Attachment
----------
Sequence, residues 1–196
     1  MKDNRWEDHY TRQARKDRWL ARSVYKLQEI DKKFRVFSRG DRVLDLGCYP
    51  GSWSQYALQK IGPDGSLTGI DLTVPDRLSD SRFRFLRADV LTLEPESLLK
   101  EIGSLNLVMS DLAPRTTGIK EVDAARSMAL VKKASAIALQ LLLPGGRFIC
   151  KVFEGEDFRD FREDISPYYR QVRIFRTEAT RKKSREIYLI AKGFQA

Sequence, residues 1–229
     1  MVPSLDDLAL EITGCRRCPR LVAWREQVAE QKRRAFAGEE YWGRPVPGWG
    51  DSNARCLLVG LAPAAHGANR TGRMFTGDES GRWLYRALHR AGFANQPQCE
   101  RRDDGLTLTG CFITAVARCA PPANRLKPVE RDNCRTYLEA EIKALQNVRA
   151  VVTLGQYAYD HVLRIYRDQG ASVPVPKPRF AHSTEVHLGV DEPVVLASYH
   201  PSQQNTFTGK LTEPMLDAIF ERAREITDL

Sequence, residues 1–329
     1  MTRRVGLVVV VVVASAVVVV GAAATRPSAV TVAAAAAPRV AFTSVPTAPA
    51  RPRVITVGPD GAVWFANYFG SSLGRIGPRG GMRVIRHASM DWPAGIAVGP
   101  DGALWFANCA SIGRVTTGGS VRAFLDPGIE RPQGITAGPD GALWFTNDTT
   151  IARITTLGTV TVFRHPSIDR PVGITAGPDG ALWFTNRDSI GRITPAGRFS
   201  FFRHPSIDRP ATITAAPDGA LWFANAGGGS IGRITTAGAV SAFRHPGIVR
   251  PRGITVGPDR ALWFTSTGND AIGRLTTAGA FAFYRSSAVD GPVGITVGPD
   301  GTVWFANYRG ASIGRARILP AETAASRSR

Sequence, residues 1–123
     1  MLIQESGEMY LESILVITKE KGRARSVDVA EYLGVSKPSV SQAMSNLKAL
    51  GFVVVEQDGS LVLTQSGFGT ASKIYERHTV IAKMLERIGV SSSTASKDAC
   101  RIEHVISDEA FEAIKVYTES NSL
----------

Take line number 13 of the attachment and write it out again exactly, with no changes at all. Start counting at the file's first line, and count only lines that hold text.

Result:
     1  MTRRVGLVVV VVVASAVVVV GAAATRPSAV TVAAAAAPRV AFTSVPTAPA